This paper examines the oral narratives of female shamans and people involved in their religious practices in modern Japan. Narratives are told and retold, ultimately becoming traditional oral histories that are closely related to local people’s lives. This paper discusses the ways in which such narratives make and can be read as folk history. As a case study, I consider the narratives of female shamans in a village in Yamaguchi Prefecture, where a legendary, 1,000-year-old tree is said to be the burial place of warhorses that fought for the local lords in the 15th century. In the early 1990s, a small hermitage called Chigusu-Ann was built and hundreds of carved wooden dolls were housed in it. Made by female shamans, these wooden dolls were regarded as children, where the souls of dead samurai warriors dwell. I conducted intermittent surveys in the village for 10 years starting in 1990 and collected the narratives of female shamans and other locals who were involved in the construction of this hermitage. Focusing on the multidimensional structures of the narratives, I will probe into the ways in which the traditional worldview centered on the sacred tree is linked to the people’s lived experience and even their “pre-life,” that is, the time of their ancestors. I would argue that this linkage creates the practice of concrete actions.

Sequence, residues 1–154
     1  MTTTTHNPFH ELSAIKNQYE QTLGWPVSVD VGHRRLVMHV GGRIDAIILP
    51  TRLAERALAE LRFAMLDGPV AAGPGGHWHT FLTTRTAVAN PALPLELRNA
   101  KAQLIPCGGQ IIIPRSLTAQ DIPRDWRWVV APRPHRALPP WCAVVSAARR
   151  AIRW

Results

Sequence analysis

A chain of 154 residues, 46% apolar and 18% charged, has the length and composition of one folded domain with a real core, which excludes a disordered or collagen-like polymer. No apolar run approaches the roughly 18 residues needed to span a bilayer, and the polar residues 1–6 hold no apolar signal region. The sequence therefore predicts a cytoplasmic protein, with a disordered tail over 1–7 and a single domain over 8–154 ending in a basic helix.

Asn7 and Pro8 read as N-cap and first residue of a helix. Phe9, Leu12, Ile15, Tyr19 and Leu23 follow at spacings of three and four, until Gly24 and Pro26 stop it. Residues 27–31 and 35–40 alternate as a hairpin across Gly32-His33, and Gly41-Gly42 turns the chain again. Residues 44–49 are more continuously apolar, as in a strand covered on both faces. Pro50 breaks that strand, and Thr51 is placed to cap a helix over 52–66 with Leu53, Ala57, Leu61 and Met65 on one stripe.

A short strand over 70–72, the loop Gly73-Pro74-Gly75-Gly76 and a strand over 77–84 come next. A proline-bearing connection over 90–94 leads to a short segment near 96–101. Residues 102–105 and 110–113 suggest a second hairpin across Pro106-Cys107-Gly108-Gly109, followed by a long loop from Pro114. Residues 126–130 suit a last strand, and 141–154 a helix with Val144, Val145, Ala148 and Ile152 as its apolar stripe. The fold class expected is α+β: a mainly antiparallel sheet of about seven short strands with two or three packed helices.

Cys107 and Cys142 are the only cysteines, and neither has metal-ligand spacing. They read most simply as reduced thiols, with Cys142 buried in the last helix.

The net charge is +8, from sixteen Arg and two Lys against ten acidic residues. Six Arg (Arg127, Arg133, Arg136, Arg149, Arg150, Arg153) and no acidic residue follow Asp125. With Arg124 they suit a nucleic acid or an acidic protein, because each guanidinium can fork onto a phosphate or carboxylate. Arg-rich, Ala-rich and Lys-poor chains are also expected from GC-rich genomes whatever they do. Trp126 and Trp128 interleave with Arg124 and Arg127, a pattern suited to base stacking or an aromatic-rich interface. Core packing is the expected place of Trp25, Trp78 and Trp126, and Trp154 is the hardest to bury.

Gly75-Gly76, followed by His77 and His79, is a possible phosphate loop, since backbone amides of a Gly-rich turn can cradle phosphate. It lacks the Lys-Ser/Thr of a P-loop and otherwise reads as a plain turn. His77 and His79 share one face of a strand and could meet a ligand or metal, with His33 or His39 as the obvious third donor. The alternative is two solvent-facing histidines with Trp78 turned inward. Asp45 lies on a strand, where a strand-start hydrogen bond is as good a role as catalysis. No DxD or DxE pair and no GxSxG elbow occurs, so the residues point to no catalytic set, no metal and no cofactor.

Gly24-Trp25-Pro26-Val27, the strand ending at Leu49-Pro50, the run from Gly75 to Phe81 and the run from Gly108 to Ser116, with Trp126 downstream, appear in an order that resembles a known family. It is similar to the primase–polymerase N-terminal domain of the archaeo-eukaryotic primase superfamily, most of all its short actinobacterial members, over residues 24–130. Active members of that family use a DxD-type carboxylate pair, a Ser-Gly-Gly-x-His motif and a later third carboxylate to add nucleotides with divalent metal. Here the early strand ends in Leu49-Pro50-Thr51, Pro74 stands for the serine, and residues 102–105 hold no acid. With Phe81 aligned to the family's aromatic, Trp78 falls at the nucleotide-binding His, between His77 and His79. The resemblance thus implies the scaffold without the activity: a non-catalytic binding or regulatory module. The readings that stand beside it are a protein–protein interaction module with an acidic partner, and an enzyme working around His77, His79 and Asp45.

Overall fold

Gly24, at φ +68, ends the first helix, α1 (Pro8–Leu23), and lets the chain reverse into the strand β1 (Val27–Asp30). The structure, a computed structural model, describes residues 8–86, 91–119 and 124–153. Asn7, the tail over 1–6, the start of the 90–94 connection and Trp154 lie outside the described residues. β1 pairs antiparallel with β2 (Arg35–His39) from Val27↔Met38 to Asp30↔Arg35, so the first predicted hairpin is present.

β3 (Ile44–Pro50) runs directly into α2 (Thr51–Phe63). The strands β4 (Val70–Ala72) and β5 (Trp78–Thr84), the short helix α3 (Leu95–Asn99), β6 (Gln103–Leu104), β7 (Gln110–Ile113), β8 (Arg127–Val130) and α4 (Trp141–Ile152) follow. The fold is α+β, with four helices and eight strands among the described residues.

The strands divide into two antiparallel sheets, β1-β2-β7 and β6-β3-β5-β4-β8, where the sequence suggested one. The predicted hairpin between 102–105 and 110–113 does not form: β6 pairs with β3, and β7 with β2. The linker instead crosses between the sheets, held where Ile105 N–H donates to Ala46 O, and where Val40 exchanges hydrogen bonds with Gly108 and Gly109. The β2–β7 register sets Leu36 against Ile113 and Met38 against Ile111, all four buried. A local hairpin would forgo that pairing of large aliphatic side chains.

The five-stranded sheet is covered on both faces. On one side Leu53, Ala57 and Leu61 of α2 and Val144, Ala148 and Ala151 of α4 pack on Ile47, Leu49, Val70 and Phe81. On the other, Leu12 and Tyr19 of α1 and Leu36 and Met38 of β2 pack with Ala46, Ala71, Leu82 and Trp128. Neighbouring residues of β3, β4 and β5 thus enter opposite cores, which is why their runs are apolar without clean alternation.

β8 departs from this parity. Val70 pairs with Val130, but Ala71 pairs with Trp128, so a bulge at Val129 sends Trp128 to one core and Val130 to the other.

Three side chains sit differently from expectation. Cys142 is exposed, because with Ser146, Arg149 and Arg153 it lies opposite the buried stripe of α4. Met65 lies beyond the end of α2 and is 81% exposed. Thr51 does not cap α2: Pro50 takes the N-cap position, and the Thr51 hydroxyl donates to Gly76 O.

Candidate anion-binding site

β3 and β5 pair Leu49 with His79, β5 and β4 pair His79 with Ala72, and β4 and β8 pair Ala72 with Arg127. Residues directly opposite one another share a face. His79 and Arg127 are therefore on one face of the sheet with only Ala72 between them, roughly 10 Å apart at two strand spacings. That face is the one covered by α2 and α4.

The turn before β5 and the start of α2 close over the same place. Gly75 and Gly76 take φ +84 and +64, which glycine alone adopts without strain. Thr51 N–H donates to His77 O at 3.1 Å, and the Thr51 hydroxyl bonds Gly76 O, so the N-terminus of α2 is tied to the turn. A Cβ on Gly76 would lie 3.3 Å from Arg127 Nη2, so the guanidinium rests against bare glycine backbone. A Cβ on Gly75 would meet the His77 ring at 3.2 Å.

Aki Tokumaru, University of Tsukuba, Japan
This paper is part of the ACCS2021 Conference Proceedings (View)
View / Download the full paper in a new tab/window
Comments & FeedbackPlace a comment using your LinkedIn profile
Share this Research